Those looking for a website today seem to be focused on WordPress. But what is WordPress, do you need it, and does it truly fit the model of what you're wanting to get out of your website? There may also be those who have heard of Joomla!, Drupal, and some other popular CMS's out there today.
There is so much information available on the internet today about the most popular content management systems, WordPress and Joomla. There are others, but these are the two (2) "big" ones.
First of all, what is a CMS? In 1985 Amway came out with their CMS-1000 vacuum, but that's not what we're looking for, so what is a content management system? From Wikipedia: "A Content Management System (CMS) is a computer application that allows publishing, editing and modifying content, organizing, deleting as well as maintenance from a central interface. Such systems of content management provide procedures to manage workflow in a collaborative environment." In my opinion, this is a pretty broad definition, but it is a common definition. Really, based on this definition, you could almost call any web based website builder a CMS, as it has a single interface, allows publishing, editing modifying organizing, and deleting from a central interface (the web building portal).
Perhaps the most important thing to be mindful of about Joomla! is that it is not WordPress. There are a number of similarities between the two systems: both are written in PHP and run on a typical LAMP system. Both have a robust extension and theming system, and both can be deployed from various web hosting providers, such as Stallion Online Services. That is where the similarities end.
"WordPress was born out of a desire for an elegant, well-architectured personal publishing system". "WordPress started as just a blogging system, but has evolved to be used as full content management system and so much more through the thousands of plugins and widgets and themes, WordPress is limited only by your imagination. (And tech chops.)" (https://wordpress.org/about/)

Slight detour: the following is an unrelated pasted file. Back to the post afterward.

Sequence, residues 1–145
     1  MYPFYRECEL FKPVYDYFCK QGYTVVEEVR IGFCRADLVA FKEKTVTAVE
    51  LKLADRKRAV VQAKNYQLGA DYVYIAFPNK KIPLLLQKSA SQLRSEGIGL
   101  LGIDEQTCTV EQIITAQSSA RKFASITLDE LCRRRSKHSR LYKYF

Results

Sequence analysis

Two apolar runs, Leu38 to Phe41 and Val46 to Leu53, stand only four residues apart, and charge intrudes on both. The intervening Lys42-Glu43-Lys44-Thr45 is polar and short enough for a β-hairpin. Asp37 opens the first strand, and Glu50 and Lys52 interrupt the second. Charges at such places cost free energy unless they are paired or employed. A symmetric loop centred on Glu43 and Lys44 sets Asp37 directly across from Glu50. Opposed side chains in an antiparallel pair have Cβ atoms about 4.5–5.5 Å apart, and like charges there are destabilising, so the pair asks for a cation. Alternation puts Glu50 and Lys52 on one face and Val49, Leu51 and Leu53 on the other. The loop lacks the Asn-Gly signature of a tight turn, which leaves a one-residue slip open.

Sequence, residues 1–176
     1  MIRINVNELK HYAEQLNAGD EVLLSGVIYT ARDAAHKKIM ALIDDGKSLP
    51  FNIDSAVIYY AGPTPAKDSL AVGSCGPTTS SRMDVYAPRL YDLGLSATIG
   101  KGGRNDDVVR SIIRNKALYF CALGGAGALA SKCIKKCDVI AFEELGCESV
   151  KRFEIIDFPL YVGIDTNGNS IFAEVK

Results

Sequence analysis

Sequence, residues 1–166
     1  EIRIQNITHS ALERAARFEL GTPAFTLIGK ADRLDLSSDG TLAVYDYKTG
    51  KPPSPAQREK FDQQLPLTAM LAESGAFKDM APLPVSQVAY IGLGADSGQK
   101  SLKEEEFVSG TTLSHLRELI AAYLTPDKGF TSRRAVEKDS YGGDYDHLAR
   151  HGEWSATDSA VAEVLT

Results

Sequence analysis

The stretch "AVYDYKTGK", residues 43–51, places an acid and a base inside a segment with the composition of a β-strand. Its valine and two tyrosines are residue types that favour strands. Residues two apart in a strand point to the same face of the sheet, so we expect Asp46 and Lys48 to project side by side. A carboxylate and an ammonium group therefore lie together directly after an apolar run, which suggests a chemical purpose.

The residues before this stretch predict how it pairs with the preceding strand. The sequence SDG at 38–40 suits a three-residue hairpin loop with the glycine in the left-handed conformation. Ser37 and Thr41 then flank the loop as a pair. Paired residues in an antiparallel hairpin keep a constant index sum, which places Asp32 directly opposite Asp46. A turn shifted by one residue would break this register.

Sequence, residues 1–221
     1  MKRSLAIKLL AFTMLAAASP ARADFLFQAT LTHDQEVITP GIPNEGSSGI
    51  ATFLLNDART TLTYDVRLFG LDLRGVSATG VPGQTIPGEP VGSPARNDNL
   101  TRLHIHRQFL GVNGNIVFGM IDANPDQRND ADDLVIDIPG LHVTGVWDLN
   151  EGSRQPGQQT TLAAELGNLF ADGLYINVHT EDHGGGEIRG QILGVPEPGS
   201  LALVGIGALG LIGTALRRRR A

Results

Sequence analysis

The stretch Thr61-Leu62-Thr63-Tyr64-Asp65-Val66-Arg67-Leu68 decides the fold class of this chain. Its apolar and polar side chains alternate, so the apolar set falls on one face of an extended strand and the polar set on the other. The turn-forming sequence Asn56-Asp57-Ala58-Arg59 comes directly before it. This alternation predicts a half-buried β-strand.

That really sums it up right there: "WordPress started as just a blogging system, but has evolved to be used as a full content management system". This would be like saying this house that I'm in started out as just a small cabin, but has evolved into this giant mansion we're in today. The big question is: what is the underlying foundation? Is it a foundation for a mansion, or a foundation for a cabin? It doesn't matter if the structure has been expanded, what is the underlying foundation? Obviously, the foundation is for a cabin, unless you destroyed all that you had, and started all over from scratch.
With WordPress, you start with something that is designed for blogging, then through a process of evolution, you now have a content management system. So, you build something for blogging (the foundation), then through various plugins and widgets you can expand the system from a blogging system to a content management system, sitting on a foundation for a blogging system? Isn't this like having the cabin, and expanding the cabin to be a mansion, but on the cabin foundation?